The Ocean

There was an ocean (it was bigger than the Indian, deeper than the Atlantic, bluer than the Pacific) between us. It shadowed us, it followed us around as we walked, it wedged itself between us like a rude pedestrian and kept us from ever quite connecting. I was a late starter, and by the time I met Karina I was eager to latch on to something good. She had soft features and shiny dark hair. She thought somehow that I was brilliant and remarkable in some intangible way I never fully quite grasped. We had a good thing going for a while, but we never really knew each other, not in any way that matters, and what started as a puddle grew into a pool, a stream, then a river, a lake, a gulf, a sea, and finally, a full-fledged ocean, deep and wide, visible as the Great Wall from space. I had to take a stand, and I told Karina that the situation had grown intolerable, we had to do something. So we decided to meet each other halfway. We'd leap into the ocean from opposite shores. We'd brave the waves and the sharks, and if it was meant to be, we'd meet up somewhere in the middle and when the rescue boat motored by, we'd be saved, together. But it was winter and the currents were choppy and cold. I survived eating fish and seaweed, drinking salty, kelpy water that only deepened my thirst, leaving my throat parched with loneliness. I thought of Karina going through all the same trials and tribulations, swimming toward me, gasping for air, risking her life all in the name of the noble, uncharted experiment that we'd begun. And though I loved her for it, I wondered why she'd agreed to it, and I found myself suddenly regretting the entire thing. And my limbs were numb from swimming, and my face was frozen, and all I could think about was the sight of land, the shoreline, and baking dry in the sun. But then one of those remarkable things happened, the kind of thing that only happens in stories like this, stories of the imagination sent careening out of control. A whale came torpedoing towards me from behind and dragged me along the surface of the water on its slimy, rubbery, shiny black back. As we glided across the whitecaps I could feel the misty wind whipping against me like a thousand wet towels snapped all at once. I thought I would freeze to death, but instead the cold started to feel like a second skin, and I steeled myself against it, even grew somewhat accustomed to the pain. By the next morning, I could see a shoreline in the distance. It wasn't just any shoreline: it was home. It was the beach where Karina and I had first met, the fish taco stand where we'd had our first date, and the balcony of her father's beach house, where we'd shared our first kiss, and where I could see her now, as a tiny, lovely blip. As we moved closer to shore, I could see she was covering her mouth. I realized: she could see me, off in the distance, and she was laughing. It dawned on me that then she hadn't fulfilled her part of the pact. She'd never stepped foot in the ocean at all: she'd just wanted to see if I would do it. We crossed the first line of breakers and the whale, on a whim, without warning, tossed me aside into the raging surf. I managed to paddle my way to shore, breathing heavily, spitting up saltwater, and finally, passing out on the sand like a beached seal. When I came to, Karina was standing over me, a glamorous giant, tall and glorious, almost sunlike in her bright-orange swimsuit and goofy red glasses. She bent down and gave me a chaste little kiss on the cheek. She smelled like the opposite of the sea. Congratulations, you've passed your first test, she said to me, in a soft, grainy whisper. I couldn't help but wonder just exactly what she meant by that word, first.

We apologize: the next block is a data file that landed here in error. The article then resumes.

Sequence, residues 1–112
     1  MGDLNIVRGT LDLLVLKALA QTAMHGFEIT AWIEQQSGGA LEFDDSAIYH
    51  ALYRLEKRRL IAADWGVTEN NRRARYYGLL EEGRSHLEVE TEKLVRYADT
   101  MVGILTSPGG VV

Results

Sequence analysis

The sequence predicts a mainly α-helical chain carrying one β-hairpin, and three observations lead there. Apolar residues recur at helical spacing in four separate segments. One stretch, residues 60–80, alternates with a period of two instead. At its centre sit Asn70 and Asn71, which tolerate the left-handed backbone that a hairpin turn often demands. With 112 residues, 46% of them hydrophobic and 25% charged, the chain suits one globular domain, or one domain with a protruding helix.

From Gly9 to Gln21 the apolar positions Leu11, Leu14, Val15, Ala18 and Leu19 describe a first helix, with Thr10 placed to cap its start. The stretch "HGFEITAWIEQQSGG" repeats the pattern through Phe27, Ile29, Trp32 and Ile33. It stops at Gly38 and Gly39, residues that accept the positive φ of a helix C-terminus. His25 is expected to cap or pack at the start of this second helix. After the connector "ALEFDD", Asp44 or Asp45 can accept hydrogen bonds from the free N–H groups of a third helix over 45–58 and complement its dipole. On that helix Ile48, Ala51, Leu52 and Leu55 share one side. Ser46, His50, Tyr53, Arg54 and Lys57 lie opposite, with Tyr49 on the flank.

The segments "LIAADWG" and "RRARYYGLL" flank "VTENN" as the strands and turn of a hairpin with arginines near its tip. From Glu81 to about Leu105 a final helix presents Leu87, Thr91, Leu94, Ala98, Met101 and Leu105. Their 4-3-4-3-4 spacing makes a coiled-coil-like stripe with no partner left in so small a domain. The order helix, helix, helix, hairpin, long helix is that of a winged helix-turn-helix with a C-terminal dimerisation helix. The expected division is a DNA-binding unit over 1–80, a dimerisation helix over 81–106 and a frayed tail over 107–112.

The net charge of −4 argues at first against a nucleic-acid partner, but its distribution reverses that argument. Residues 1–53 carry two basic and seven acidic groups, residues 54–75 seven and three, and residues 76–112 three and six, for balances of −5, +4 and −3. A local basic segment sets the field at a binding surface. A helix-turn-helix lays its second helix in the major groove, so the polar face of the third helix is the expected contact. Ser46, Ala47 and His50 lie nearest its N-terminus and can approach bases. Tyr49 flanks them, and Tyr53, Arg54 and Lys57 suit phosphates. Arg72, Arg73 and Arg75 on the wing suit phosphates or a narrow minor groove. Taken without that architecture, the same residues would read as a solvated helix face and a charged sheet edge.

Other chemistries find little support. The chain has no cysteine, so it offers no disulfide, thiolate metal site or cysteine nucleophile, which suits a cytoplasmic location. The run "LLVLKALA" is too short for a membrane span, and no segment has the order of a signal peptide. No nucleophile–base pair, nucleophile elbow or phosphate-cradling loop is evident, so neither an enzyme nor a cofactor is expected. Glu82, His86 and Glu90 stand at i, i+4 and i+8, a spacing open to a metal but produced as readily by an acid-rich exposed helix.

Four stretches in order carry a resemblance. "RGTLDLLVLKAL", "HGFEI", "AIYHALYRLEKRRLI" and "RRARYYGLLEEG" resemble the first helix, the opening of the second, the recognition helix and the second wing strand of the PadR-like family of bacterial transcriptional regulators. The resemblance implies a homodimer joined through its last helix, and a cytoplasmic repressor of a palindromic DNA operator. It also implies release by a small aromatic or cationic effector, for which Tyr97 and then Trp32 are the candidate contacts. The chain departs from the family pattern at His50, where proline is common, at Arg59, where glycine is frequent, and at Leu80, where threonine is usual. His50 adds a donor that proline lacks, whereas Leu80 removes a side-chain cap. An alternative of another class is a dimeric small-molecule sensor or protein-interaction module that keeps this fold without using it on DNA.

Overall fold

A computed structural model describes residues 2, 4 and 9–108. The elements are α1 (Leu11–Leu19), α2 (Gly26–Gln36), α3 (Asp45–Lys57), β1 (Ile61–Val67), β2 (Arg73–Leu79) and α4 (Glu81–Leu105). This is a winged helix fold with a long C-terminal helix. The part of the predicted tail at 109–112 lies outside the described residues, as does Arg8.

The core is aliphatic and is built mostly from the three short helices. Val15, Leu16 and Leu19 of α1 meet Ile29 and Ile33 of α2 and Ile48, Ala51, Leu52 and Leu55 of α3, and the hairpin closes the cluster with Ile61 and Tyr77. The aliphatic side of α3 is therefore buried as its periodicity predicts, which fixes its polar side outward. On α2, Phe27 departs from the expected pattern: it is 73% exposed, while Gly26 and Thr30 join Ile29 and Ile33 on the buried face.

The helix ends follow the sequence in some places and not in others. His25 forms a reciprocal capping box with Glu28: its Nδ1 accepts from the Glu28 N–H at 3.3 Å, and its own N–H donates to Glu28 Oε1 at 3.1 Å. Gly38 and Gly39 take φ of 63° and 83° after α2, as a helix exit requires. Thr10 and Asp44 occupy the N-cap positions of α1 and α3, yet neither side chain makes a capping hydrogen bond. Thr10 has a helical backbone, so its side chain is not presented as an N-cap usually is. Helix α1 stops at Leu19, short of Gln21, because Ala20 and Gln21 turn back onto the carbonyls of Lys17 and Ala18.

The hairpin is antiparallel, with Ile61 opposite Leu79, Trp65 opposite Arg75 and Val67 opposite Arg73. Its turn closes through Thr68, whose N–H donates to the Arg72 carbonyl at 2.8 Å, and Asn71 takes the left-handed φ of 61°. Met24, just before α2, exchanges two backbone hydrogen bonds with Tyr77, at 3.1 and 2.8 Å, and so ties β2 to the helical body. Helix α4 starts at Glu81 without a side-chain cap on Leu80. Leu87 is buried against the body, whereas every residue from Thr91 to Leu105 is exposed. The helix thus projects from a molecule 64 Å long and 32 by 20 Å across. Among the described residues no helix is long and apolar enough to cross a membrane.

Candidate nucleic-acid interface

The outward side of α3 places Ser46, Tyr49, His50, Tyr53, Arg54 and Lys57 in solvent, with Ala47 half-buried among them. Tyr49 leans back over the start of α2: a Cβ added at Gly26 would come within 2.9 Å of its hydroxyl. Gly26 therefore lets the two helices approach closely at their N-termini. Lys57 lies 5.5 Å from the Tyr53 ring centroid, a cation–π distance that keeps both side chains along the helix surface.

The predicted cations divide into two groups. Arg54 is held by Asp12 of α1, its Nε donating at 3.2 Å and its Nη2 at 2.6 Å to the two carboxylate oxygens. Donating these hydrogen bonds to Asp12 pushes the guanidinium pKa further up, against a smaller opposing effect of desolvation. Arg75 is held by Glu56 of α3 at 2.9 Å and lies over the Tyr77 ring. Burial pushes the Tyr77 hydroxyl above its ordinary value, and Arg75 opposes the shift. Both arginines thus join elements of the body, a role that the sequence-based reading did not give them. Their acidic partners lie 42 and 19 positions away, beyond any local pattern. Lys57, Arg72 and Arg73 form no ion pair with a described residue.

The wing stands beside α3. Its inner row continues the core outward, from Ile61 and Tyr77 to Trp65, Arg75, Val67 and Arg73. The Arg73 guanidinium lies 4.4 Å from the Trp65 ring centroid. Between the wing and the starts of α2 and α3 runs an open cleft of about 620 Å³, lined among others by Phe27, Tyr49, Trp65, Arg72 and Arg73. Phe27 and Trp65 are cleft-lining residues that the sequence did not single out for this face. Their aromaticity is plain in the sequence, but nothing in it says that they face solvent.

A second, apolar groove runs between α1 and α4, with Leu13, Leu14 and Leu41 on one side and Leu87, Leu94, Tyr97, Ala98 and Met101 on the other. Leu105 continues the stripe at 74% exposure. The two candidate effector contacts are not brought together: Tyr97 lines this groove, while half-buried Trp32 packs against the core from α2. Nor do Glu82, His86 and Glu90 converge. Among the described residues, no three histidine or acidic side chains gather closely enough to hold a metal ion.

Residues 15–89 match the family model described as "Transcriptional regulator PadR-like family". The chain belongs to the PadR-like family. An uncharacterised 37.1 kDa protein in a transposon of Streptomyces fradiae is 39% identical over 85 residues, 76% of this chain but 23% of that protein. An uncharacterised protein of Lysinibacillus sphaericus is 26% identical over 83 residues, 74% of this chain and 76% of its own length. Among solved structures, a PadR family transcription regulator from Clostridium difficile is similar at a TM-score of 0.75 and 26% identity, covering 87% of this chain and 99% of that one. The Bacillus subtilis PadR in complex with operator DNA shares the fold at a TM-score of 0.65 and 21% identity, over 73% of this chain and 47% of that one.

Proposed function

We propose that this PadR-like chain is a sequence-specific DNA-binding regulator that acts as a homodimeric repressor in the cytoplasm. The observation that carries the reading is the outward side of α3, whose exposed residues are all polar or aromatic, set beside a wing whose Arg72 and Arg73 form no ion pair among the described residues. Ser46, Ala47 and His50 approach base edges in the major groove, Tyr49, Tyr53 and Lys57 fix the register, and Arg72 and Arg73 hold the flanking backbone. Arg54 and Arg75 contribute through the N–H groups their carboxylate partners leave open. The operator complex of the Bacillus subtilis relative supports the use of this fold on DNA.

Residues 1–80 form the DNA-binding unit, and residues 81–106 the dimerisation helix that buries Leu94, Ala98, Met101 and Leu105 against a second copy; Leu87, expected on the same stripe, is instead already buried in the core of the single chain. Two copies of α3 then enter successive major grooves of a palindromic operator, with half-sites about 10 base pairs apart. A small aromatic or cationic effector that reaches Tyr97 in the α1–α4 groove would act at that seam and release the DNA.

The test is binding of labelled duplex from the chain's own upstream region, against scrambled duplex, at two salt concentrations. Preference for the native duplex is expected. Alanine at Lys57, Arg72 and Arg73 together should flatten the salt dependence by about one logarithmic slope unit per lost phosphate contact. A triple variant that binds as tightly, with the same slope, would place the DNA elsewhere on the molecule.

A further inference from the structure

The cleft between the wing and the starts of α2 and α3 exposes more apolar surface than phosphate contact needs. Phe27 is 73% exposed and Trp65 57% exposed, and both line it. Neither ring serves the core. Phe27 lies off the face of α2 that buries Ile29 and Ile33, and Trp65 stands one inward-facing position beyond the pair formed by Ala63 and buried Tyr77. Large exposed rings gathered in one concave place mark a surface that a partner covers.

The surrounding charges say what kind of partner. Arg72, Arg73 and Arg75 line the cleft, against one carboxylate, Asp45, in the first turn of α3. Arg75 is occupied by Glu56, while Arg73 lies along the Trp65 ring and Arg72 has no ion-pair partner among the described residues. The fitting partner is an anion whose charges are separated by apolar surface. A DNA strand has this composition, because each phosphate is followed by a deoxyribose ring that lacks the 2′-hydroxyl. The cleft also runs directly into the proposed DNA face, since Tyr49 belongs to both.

About the author:

Matt Leibel lives and writes in San Francisco. You can read more of his work at